Saturday, December 26, 2009

Quintos - Weighed, Measured and found to be drunk!

Los Quintos of 2010 getting ready for the changeover by painting designated surfaces

Dear citizens of the world,

Although it might not seem like it, we are living in times of relative peace. European nations such as Spain and France gave up manditory military service at the end of the 20th century.

However, traditions in Spain die hard.

Los Quintos are the people who are turning 18 over the coming year. In the past, they would be weighed and measured in the city hall for their military service. Those found to be too short or too fat might be pardoned. In general, most would have to go and the unlucky ones would end up oversees in Western Sahara.

The name Quintos comes from 1/5. Spanish Kings in the 15th century ordered that one-fifth of all men "Contribute Blood" by doing military service. They did not beat around the bush when they gave it that name...

Los Quintos have changed in name and form in modern times. Now it is often written with a K as Kintos (Email and SMS texting's influence on Spanish spelling). There is also the politicaly correct female version with an A = Kintas.

Spain has adopted a volunteer army, much like the United Statesian Army system. But the "comming of age" celebrations continue.

Kintas are the girls from the village who are becoming adults.

Certain walls, and parts of walls, are designated for the Quintos to paint their names. The white background with red letters was for 2009. Next year the background is blue. On the 31st the Quintos will paint their names on the new surface.

The big hand-over ceremony is a bonfire on the New Years Eve where everyone gets drunk. I am 18! Now I can get smashed!

There are many roles the Quintos play throughout the year during the many micro and macro festivals, but one in particular was a bit shocking:

Until only a few years ago, the Quintos played a gruesome role in the Carnival celebrations in February. They used to hang a rope across the main plaza, attach chickens by their feet so the head and body would hang down. Then the Quintos would whack them to death like living piñatas until they were no longer. Some were bothered by the "tradition" and it was stopped.

The chickens were then eaten as part of the festivities.


Now the Quintos can focus on drinking, and selling cheap drinks to raise money to have more parties to get drunk again.

The United Statesian

PS An even more gruesome tradition in another Spanish village has been put to a stop as well. The Quintos used to throw a live goat off the top of the church tower. BBQ goat meat was always on the menu.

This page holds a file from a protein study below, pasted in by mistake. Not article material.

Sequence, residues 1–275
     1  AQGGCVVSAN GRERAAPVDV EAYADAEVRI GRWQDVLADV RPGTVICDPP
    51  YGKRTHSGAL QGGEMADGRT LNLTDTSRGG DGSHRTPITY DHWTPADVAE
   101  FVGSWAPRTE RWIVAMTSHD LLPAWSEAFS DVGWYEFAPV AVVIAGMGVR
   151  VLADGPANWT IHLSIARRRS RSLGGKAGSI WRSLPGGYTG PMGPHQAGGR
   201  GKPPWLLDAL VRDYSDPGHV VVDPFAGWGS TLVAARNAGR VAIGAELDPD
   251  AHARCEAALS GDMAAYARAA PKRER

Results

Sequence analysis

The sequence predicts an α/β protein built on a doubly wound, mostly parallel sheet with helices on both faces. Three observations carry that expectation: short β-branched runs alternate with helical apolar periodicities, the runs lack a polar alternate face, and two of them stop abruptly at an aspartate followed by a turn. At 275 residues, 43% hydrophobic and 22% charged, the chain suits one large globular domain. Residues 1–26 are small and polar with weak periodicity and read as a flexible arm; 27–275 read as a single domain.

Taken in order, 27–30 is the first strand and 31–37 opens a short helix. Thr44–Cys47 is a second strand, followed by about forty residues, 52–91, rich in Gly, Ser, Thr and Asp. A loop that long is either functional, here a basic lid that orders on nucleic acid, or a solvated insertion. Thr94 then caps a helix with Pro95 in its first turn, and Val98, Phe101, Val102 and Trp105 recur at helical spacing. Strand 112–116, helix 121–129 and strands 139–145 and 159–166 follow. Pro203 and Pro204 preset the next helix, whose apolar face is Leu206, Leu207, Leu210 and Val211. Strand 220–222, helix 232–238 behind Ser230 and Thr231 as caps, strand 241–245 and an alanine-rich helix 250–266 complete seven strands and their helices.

Friday, December 25, 2009

The Three Kings vs Santa Claus... and Baby Jesus in the middle


Baby Jesus has a booboo... or in Spanish....Tiene pupa!

Dear Citizens of the world,

This Baby Jesus or Niño Jesús– pronounced /NEENyo HayZUS/ in Spanish – is a traditional part of Christmas decorations in Spain, but with a makeover. This photo is from a Spanish hospital that made Niño Jesús look more like the patients so that they would laugh a bit and relate better.

Although, you could say that the Niño Jesús got caught up in a fight between Santa and the Three Kings (Los Tres Reyes Magos). In Spain, the Three “Magic” Kings are the ones that have always brought the gifts to the good little boys and girls. Since they were the ones bringing gifts to Baby Jesus it only makes sense that they give to all children.


A more traditional look at the Niño Jesus.

Kings Day (Reyes) is on January 6th, which means that kids and teachers get an extra week off over the holidays. However, it also means that children didn't get their gifts until the 6th of January... after two weeks of vacation... and just before the return to normal.

Child: “Oh, what a wonderful gift! I am going to....”
Parents: “Not so fast... time for bed... you have school tomorrow!”

This technical problem was partly solved by importing Santa... Now parents can give the main gifts on the 24th or 25th of December. Children can then play with their toys during the long Winter break. Later, on kings day more gifts come. Some kids only get one set of gifts, but most seem to get two sets now.


And Niño Jesús? He's laid up in the hospital, wondering what hit'm.

Merry Christmas and Happy New Year!

The United Statesian

Sunday, December 13, 2009

Nativity Pooper -- Spanish Tradition


Dear Citizens of the world,

After finding this figure in a large nativity scene (Belen in Spanish) in a small church in the Pyrenees. I immediately decided to find out more and write a blog. The cagón could be translated as the pooper, crapper or sh!tter. I will use the translation of "pooper" for this post.

This image was shocking to me because I am used to the traditional scene of the happy family, three kings, angels, some farm animals, etc.


Apparently, the tradition of the Nativity Pooper comes from the Catalan region of Spain. The Catalan name is "Cagagner" (click for orignal source in Spanish). The Pooper is a symbol of good luck and prosperity:

Poop = fertilizer = a good harvest = prosperity = happiness

The pooper also gives a more "real" feel to the scenes. These nativities in Spain are huge. They cover several square meters with tons of bark, sand, dirt... and figures that include the poopers.

The nativity scenes even include mechanized figures and lighting to show day and night. The Pooper at the top has a mechanised arm with toilet paper doing a continuous wiping action.


There are poopers with a likeness of famous people - even Obama! Does your nativity scene include an Obama pooper? It doesn't? ... well then I guess that it is not complete!
The United Statesian